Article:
Health professionals mobility within the EU: the case of Hungary

12 October 2017 45 Views
Health professionals mobility within the EU: the case of Hungary

Free movement of persons is a basic principle of the EU, and health professionals’ mobility was expected to increase after the accession of Hungary to the EU in 2004. Capturing health professionals’ mobility, however, is challenging. On the basis of international professional debates, the outflow indicator most frequently used for measurement is the number of requested good-standing certifications, which is required when a health professional wants to work abroad. Requesting this certificate indicates only an intention to work abroad, and does not necessarily mean that the person will in fact leave the country. Despite this methodological limitation, the indicator is considered to be a good- enough proxy to monitor migration trends.

Since 2004, the outflow of medical doctors from Hungary showed a significant increase and peaked in 2011. In 2012 still more than 1100 persons requested the certificate, which decreased to 823 in 2016. It is also important to note that this number includes those foreign medical graduates, who obtained their diploma in Hungary and intend to return home, and also not corrects for repeated certificate requests. Excluding the cases of freshly graduated foreign medical doctors and repeated requests, the figures still show a decrease from 831 in 2011 to 398 in 2016. Nevertheless, no data are available on the duration and/or parallel jobs in foreign countries.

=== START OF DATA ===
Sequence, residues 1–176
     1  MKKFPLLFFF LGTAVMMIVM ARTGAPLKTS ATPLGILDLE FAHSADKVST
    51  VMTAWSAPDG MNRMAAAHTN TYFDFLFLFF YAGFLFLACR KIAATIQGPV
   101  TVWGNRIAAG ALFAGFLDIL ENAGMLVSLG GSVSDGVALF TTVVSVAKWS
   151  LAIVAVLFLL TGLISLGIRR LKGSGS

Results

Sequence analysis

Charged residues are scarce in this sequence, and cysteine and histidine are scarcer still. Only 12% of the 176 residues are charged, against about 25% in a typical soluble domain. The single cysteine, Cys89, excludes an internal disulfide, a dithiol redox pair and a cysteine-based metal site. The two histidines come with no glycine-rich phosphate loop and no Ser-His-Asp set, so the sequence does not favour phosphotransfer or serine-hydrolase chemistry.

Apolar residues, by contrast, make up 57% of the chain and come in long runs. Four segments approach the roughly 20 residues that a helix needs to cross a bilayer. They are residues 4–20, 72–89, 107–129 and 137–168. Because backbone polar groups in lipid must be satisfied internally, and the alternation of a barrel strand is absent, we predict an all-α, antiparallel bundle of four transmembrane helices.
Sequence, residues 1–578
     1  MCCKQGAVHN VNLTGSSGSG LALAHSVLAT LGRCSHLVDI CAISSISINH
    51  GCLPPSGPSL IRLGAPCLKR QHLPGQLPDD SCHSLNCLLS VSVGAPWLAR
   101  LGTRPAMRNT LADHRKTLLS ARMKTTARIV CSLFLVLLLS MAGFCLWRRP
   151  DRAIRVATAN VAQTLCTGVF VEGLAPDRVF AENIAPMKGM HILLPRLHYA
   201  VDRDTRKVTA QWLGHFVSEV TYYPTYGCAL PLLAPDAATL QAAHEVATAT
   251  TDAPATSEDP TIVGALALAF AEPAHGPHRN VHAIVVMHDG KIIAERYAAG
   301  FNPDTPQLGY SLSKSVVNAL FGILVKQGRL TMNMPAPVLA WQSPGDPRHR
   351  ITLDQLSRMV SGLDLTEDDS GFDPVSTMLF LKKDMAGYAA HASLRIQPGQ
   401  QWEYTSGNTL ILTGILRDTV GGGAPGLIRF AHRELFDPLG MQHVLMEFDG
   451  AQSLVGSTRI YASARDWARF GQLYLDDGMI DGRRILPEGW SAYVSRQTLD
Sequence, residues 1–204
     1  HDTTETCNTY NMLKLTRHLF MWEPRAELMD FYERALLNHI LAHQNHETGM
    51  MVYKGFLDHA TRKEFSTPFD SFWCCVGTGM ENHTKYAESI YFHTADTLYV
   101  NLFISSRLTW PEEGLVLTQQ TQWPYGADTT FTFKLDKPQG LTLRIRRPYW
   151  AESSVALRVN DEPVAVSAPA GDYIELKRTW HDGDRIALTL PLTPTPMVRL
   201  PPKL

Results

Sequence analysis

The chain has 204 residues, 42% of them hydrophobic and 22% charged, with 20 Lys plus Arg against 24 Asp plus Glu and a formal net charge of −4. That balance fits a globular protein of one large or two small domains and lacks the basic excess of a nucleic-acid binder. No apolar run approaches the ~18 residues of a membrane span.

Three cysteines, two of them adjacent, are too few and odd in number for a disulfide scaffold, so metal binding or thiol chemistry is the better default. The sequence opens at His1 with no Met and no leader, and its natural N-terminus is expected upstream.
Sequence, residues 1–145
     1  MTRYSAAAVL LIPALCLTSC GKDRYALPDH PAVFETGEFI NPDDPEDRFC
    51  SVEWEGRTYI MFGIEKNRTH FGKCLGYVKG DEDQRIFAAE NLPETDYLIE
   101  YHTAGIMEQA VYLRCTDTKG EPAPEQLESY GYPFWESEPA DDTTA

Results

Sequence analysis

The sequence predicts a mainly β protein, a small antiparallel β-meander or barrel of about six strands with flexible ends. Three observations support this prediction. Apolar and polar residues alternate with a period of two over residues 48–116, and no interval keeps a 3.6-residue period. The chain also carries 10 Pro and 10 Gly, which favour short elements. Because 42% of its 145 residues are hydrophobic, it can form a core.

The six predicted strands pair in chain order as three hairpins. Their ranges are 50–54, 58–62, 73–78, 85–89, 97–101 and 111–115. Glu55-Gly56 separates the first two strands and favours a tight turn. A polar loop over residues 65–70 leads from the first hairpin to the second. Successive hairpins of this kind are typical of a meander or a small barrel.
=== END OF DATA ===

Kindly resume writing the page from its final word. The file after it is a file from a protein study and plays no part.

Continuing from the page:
Previous research emphasized the financial opportunities as the most important key driver and motivation factor of Hungarian medical doctors to work abroad (Eke et al, 2011). Health policy recognized this and intervened into the system with various financial measures, including scholarship programs for medical residents (graduated medical doctors, who are in a professional training program and work to obtain a medical specialisation) and salary increases (for more details see also log from 30/12/2016).

It seems that these programmes had a measurable impact on the outflow of medical doctors, but latest figures are still high. In 2015, 492 doctors requested the good-standing certificate out of which 329 apparently do not work at home (estimated by inactivities in the Hungarian health system as not filling a prescription), which still constituted around 40% of the new Hungarian medical graduates in that year. Further monitoring and interventions are needed to mitigate the influence of the continuous outflow and the shortages of certain specialties in the Hungarian health system.

 

soure: hspm.org

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